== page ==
A LinkedIn campus spokesperson and Gen Y expert shares these five tips to rock your LinkedIn profile:
1. Include keywords in your summary statement. “The Summary portion of your profile provides a chance to share the highlights of your bio in your own words. It’s also a place to include key words and phrases that a recruiter or hiring manager might type into a search engine to find a person like you.” For that matter, include them in your title (but don’t be obnoxious). It’s easy to forget that the title can be long—said campus spokesperson’s summary statement is 16 words long, or almost as long as a typical Tweet. (Ours, on the other hand, is about three words. Better get on that.) Instead of just putting your current or desired job title, why not include a plug of your blog (“Author of ‘I’m A Great Copywriter Dot Com’”) or a mention of your pro bono work (“PR representative for boutique restaurants”) if it’s relevant to your job search?
2. Write for the screen. “LinkedIn, or any website for that matter, is not the place for long-form prose. Present your summary statement in short blocks of text with lots of white space. Bullet points are great, too.” But don’t overload with bullet points either. Just because there’s whitespace between each item doesn’t give you an excuse to list 300 things.
3. List all experience. “One of the most valuable aspects of LinkedIn is the way it connects you with former colleagues and classmatesâ€”which, as we all know, are some of our best networking contacts. It would be a shame if a long lost former colleague or classmate, who happens to be a recruiter now, couldn’t find you because you hadn’t listed that shared employment in your LinkedIn profile.” But if you’re really not proud of that food-service job you took to put yourself through college, maybe putting that on would be oversharing. What do you think? We vote for leaving that off and mentioning, instead, that you earned some pocket change freelancing while in school.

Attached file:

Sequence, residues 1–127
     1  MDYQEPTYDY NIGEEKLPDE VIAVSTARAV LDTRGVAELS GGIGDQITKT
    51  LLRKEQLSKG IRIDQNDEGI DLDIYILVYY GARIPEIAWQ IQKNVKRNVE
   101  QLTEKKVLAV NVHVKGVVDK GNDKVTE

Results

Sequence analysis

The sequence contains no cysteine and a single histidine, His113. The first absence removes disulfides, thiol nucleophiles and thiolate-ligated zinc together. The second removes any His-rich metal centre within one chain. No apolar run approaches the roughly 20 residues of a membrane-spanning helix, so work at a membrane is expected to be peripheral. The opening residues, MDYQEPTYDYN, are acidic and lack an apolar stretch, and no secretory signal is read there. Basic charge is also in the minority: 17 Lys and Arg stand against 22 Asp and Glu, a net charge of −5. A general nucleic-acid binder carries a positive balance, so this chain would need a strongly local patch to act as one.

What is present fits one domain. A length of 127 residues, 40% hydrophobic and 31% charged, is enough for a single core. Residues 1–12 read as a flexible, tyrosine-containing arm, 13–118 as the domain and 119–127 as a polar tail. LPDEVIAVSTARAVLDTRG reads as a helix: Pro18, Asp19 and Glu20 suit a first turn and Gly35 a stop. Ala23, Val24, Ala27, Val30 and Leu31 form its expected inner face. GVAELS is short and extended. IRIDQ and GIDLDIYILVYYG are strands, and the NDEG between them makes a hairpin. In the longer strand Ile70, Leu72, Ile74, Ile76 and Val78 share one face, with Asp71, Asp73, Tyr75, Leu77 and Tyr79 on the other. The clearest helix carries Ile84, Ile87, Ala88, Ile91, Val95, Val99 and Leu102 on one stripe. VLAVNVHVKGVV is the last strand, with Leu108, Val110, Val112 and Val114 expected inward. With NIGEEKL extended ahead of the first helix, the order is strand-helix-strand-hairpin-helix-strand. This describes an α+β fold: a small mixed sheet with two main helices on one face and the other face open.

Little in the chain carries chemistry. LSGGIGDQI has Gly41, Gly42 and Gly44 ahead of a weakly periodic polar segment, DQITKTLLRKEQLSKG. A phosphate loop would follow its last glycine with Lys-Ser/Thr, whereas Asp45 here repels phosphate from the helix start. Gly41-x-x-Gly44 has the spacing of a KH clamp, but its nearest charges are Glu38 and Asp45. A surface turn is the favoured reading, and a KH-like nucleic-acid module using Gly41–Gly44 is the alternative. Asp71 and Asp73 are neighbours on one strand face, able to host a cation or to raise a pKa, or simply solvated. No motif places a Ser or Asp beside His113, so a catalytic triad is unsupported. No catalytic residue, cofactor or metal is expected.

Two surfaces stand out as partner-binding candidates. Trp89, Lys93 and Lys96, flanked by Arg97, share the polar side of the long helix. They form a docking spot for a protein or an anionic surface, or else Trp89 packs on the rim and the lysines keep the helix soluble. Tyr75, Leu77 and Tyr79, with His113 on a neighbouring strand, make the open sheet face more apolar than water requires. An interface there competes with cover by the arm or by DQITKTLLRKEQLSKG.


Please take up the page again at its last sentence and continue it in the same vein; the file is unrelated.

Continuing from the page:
4. Collect diverse recommendations. “Nothing builds credibility like third party endorsements. The most impressive LinkedIn profiles have at least one recommendation associated with each job a person has held. Think about soliciting recommendations from professors, internship coordinators and colleagues, employers, classmates with whom you shared an extra curricular activity and professional mentors.” But DON’T ask for recommendations from people who unchecked the “Interested in: reference requests” box, because seriously, that’s just rude.
5. Share your news frequently. “The best way to stay on other people’s radar screens is to update your status on LinkedIn (the box near the top of your profile) at least once a week. Tell people about events you are attending, major projects you’ve completed, professional books you are reading, successes you are celebrating or any other news that you would tell someone at a networking reception or on a quick catch-up phone call.” But remember, LinkedIn is not Twitter. Share, don’t overshare.